Wednesday

24th Jan 2018

Romania wants EU signal on Schengen membership

  • Bucharest. Romania has met the criteria for Schengen membership since 2011 - but political factors, including concerns about the country's judiciary, have postponed any decision (Photo: Nico Trinkhaus)

Romania is expecting a clear signal from the EU in the year to come over its accession to the Schengen area, before it takes the rotating EU presidency on 1 January 2019.

"We simply have to take a decision," EU affairs minister Victor Negrescu told a group of journalists, including EUobserver, in Bucharest. 


Thank you for reading EUobserver!

Subscribe now for a 30 day free trial.

  1. €150 per year
  2. or €15 per month
  3. Cancel anytime

EUobserver is an independent, not-for-profit news organization that publishes daily news reports, analysis, and investigations from Brussels and the EU member states. We are an indispensable news source for anyone who wants to know what is going on in the EU.

We are mainly funded by advertising and subscription revenues. As advertising revenues are falling fast, we depend on subscription revenues to support our journalism.

For group, corporate or student subscriptions, please contact us. See also our full Terms of Use.

If you already have an account click here to login.

The Romanian government says that it meets the technical criteria for the accession, and that the EU is holding back the decision for political reasons.

Romania joined the EU in 2007, together with Bulgaria, which is also waiting to join the EU's passport-free zone.

The EU Council, which represents member states, said in 2011 that Romania fulfils the conditions - which mainly regards external border checks, police cooperation and data protection.

But Romania's partners have since postponed the decision to open Schengen to Romania and Bulgaria.

Frank discussion - but who with?

Negrescu noted that when Romanians "discuss directly" with other countries the issue, "it seems that no one has any problem."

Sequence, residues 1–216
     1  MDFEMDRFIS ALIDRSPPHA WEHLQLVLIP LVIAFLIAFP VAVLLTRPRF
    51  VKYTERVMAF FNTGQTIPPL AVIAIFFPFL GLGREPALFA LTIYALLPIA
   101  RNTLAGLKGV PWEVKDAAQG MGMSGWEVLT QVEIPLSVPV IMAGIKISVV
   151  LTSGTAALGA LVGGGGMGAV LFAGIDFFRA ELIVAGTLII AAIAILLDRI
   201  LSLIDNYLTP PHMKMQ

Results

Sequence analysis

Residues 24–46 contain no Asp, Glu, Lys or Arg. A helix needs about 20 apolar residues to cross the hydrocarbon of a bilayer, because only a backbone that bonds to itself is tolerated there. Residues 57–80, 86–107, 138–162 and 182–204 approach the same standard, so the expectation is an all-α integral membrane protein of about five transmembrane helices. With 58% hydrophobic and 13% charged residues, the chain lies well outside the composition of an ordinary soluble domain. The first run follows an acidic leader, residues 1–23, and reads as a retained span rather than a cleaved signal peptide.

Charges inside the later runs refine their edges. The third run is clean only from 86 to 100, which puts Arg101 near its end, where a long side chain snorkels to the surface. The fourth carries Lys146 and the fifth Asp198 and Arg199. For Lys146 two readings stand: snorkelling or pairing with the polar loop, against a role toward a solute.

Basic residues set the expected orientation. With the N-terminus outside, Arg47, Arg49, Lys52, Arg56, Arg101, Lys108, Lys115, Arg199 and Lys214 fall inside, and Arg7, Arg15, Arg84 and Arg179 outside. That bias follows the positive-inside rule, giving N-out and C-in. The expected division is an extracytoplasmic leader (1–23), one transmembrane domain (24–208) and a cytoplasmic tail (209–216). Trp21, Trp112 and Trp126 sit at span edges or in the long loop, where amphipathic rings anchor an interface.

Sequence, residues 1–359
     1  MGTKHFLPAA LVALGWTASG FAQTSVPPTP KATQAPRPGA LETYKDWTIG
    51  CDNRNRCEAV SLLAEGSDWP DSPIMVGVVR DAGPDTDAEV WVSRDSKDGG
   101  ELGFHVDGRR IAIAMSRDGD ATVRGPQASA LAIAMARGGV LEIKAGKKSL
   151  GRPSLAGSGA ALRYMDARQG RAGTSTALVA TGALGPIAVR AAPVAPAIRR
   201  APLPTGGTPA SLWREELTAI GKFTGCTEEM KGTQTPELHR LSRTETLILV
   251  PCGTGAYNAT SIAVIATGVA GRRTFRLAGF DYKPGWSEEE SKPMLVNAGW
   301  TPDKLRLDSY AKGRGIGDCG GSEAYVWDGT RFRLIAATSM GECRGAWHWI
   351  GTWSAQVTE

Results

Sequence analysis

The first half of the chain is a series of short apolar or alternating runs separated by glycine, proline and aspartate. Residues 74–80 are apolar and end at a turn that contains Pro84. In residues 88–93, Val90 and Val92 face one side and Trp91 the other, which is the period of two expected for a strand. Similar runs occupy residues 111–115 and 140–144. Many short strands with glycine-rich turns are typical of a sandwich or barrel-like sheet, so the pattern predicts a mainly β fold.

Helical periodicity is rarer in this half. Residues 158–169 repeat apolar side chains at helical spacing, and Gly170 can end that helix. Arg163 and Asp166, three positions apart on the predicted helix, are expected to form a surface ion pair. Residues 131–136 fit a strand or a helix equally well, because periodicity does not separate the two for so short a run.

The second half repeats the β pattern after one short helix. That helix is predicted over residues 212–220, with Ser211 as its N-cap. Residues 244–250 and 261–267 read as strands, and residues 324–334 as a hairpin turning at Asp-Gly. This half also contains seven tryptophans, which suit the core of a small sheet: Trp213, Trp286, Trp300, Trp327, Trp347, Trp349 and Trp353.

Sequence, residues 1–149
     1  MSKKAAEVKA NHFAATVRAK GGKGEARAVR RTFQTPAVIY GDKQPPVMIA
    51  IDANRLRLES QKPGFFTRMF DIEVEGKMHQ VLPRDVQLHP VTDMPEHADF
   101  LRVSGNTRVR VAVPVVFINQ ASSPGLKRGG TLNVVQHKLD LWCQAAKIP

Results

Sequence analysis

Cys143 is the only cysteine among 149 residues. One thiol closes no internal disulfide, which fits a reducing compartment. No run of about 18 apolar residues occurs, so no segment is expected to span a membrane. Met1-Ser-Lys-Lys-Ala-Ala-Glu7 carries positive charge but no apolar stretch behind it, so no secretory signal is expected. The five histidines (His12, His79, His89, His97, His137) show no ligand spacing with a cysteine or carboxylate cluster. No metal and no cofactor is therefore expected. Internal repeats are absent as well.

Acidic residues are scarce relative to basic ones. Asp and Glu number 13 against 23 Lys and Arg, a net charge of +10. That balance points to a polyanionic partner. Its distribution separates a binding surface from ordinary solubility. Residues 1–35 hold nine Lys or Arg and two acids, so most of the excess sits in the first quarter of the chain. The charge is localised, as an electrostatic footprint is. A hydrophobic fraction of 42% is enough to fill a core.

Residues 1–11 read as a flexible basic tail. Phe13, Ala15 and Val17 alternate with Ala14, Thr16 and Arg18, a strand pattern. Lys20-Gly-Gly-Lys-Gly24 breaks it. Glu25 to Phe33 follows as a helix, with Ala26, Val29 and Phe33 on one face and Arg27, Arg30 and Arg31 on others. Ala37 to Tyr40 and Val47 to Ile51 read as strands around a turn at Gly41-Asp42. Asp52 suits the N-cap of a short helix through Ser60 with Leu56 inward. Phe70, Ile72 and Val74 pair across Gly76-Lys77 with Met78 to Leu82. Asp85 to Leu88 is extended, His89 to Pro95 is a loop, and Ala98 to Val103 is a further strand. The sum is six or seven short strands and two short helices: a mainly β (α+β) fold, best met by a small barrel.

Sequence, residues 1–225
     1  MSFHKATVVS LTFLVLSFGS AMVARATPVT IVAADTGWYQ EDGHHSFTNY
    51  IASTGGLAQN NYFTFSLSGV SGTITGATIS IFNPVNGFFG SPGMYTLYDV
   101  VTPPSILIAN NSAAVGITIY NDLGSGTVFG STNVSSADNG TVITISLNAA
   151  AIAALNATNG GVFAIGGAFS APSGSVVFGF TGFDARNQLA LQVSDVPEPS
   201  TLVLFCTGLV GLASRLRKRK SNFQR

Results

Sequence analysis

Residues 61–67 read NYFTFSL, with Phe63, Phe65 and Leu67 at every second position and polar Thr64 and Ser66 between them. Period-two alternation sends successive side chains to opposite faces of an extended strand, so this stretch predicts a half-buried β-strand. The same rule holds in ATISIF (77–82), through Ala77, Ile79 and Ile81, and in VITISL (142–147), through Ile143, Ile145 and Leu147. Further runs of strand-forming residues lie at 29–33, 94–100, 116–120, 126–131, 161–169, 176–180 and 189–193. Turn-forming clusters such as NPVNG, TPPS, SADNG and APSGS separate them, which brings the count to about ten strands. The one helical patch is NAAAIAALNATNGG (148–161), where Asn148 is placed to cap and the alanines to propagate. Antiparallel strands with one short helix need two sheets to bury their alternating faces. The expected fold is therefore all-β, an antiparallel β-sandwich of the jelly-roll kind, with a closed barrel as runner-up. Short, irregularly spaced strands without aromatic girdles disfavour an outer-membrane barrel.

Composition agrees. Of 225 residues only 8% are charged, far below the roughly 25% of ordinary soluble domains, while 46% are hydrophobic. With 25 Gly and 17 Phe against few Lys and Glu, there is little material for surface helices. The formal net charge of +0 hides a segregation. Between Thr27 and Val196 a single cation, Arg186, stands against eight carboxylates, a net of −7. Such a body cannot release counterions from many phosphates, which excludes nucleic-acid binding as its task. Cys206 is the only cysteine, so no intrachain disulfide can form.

"Everyone tells us that we should discuss with another country [about the problems], and we don't know with whom to discuss," he said. "We don't know why we should not be there."

The EU minister said that Romania expected, "hopefully next year", to have a "very frank discussion" with other member states, and that "maybe a vote should happen."

"It would be an excellent occasion to put the issue on the table of the EU," he insisted.

He noted that Bulgaria will hold the presidency of the EU Council from 1 January 2018, and that both Romania and Bulgaria rule out any decisions under their presidency, when they have to be "impartial mediators" between member states.

"There are six months between the [two] presidencies," he pointed out, referring to the Austrian EU presidency in the second half of next year.

"It could be a moment when a decision should be taken," he said, adding that Romania and Bulgaria should "go in together."

In October, Romania and Bulgaria were added to the Schengen Information System - the database of non-EU visas applicants - although with no right to add, delete or modify information.

'More work to be done'

Negrescu said that Romania could join Schengen in a two-step process, with controls removed first in airports, and later at land and sea borders.

But internal developments in Romania could delay the decision further.

In November, the Commission published its latest report on the Cooperation and Verification Mechanism(CVM), a procedure that was put in place when Romania joined the EU in order to monitor its reforms of the judicial system and administration, as well as the fight against corruption.

Commission vice-president Frans Timmermans noted that Romania has made some progress but warned that there was "still more work to be done".

The Schengen accession process and the CVM are not formally linked, but several member states have said in that past that progress under the CVM would be part of the decision to grant Schengen membership to Romania and Bulgaria.